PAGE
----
Shonen Knife‚Äôs tour in support of ‚ÄúOverdrive,‚ÄĚ which included the band‚Äôs thousandth show, wraps up with a gig on Tuesday, Oct. 21, at the Saint on Main Street in Asbury Park. The band‚Äôs sole remaining original member, guitarist and singer Naoko Yamano, gave us the inside scoop on the band that‚Äôs showing no sings of slowing down.
Q:I just had the chance to listen to ‚ÄúOverdrive,‚ÄĚ the band‚Äôs new album, which I really enjoyed. How does it feel for Shonen Knife to have released its 20th album? [Read More...]
‚ÄúJust the idea of a trio of Ramones worshiping Japanese girls roaming the earth playing their own brand of J-Rock, J-Pop, Pop/Punk Fun Time Soup, was good enough for us,‚ÄĚ recalled local musician Arlo White, of Denver‚Äôs Sparkle Jetts. ‚ÄúWhen we finally heard them it was exactly like what it sounded like in our heads: Pure Innocence, Straight forward Rock and Roll Fun!‚ÄĚ
It‚Äôs a pretty perfect way to describe Shonen Knife, one of the ‚Äô80s and ‚Äô90s more obscure, but most delicious, Japanese exports. You may think that bands like Guitar Wolf hold the J-Punk torch (and they do, handily ‚Äď but not completely), but it‚Äôs Shonen Knife that made the first real stab (pun fully intended) of Ramones-powered pop from Japan into America. Shonen Knife ‚Äď and particularly Naoko Yamano ‚Äď have enjoyed 32+ years of existence, and haven‚Äôt wavered once from their original happy, poppy, cat-, food- and youth-loving brand of punk rock. And they‚Äôre not about to slow down. [Read More...]
When you can count ‚Äô90s alternative rock giants like Nirvana and Sonic Youth among your biggest supporters, success should come as no surprise. But when you‚Äôre an all-female garage rock trio from Japan, garnering a worldwide following might still seem a little far fetched. And to still have continued success in the United States more than 20 years later is something of which anyone should be proud. Sitting down with Shonen Knife at Anime Weekend Atlanta a few weeks ago, however, I quickly realized this band is still incredibly humble. Having just performed the previous night at East Atlanta 529 rock club, Shonen Knife was preparing for an afternoon performance in front a very different audience of anime lovers. And despite its brevity and broken English, this interview was one of the more interesting ones I‚Äôve done in quite a while. Singer/guitarist Naoko Yamano, the only original member of the band, sat down next to me while bassist Ritsuko Taneda and drummer Emi Morimoto created a semicircle around us. But when I asked questions, the two of them would smile, nod and giggle from time to time while Yamano did all the talking. Currently wrapping up its Overdrive tour of North America (which included the band‚Äôs 1,000th show last month), here is the result of Wrestling with Pop Culture‚Äės sit-down with Shonen Knife at AWA.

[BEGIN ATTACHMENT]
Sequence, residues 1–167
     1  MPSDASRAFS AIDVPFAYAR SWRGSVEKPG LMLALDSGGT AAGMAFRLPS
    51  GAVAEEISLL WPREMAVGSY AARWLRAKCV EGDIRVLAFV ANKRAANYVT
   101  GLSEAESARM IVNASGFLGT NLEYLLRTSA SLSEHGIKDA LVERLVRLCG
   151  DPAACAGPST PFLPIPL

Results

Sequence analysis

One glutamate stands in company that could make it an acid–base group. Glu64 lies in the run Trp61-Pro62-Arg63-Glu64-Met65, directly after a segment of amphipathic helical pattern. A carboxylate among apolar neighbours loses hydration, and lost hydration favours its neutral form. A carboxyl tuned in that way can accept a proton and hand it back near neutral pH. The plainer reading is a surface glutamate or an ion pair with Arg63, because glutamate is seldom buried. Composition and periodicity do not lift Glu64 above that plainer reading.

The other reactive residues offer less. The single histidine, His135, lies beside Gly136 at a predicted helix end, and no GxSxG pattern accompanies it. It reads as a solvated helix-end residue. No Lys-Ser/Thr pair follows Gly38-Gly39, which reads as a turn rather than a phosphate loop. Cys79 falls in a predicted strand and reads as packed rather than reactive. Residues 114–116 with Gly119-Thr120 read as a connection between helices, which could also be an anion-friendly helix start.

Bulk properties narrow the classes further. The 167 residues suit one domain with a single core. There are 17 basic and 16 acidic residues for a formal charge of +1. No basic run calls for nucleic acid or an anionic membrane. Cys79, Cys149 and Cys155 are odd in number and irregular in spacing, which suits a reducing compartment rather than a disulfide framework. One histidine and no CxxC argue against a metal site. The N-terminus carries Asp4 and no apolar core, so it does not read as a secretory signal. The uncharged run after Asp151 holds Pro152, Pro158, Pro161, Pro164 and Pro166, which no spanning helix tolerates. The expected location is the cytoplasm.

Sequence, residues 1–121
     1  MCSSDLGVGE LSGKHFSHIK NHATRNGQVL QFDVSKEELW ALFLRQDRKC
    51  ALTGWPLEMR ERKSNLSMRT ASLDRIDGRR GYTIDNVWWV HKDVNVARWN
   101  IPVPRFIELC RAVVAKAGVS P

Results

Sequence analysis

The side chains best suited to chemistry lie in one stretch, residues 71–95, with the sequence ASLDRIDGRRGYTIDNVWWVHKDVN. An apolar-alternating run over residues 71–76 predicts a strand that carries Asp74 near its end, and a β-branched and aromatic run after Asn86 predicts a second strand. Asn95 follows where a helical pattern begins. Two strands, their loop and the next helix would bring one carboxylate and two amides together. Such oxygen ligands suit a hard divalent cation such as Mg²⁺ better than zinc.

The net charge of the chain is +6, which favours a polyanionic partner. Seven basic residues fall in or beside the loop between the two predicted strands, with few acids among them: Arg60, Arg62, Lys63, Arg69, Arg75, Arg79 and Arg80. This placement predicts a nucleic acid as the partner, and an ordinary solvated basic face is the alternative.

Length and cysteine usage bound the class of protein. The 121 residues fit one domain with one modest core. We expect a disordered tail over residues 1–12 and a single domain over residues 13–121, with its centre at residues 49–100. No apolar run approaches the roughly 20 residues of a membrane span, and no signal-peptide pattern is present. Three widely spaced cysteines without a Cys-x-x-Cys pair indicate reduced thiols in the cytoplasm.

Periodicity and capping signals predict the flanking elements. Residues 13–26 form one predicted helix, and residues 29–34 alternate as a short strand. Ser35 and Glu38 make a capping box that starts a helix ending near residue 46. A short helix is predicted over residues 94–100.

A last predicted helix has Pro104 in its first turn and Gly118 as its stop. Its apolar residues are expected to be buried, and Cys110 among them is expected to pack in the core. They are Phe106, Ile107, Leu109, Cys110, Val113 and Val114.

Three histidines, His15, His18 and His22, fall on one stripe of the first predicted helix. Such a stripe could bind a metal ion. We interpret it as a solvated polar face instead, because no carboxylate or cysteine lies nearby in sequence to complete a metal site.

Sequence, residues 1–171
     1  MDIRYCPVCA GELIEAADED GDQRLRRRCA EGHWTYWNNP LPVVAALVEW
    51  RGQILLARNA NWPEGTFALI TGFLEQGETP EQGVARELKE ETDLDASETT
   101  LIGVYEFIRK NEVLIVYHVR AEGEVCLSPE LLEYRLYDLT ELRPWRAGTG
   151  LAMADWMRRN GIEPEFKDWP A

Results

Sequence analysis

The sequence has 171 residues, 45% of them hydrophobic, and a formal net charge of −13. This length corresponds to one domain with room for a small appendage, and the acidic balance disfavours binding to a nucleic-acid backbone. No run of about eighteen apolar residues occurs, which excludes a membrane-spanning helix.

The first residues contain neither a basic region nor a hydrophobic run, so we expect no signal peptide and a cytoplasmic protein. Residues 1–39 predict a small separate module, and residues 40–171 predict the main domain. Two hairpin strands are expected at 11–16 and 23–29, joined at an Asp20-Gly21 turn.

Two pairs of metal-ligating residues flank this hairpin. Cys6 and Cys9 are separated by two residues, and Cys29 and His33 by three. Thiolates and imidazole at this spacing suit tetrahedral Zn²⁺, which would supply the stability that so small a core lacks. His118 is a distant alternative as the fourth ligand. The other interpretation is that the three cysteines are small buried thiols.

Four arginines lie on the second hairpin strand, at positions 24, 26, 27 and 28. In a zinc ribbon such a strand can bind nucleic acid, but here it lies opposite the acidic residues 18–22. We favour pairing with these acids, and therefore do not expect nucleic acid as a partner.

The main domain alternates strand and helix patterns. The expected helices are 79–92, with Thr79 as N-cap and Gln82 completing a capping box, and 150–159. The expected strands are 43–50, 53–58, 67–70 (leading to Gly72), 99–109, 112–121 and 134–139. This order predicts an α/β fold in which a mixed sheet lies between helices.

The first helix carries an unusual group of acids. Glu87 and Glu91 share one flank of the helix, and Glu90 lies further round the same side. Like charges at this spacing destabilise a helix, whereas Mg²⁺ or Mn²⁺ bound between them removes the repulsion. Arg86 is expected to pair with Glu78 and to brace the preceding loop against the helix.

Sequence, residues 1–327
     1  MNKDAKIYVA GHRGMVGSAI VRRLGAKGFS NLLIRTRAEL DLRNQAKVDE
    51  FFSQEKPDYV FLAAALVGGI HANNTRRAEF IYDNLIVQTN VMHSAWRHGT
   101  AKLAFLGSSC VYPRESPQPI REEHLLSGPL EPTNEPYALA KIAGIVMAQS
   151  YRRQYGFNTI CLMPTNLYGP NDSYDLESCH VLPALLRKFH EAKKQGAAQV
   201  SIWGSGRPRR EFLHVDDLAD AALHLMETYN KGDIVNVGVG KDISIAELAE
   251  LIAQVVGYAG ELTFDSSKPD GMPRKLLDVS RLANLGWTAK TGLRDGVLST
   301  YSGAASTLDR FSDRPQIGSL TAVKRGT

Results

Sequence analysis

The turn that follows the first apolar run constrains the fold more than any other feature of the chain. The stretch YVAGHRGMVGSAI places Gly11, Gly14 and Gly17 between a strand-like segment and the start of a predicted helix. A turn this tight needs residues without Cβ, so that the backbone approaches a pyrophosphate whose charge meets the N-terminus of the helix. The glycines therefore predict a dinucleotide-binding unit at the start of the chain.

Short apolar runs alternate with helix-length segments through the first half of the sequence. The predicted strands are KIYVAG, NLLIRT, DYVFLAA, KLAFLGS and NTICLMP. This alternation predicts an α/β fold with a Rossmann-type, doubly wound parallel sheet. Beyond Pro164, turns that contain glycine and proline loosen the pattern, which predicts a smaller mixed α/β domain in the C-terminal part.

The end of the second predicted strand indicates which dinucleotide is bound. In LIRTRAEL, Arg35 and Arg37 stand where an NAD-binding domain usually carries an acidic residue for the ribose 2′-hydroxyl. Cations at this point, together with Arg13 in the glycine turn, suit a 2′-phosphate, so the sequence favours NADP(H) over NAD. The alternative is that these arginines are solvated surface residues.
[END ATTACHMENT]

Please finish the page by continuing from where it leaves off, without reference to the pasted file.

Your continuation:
You normally perform at rock clubs like the one you performed in last night. Will AWA be your first anime convention performance? [Read More...]
In the late 1980s, it was nearly unheard of for Japanese underground rock bands to play in the United States. But Shonen Knife, appearing at the Oriental Theater this Thursday, October 16, played a show in Los Angeles in 1989.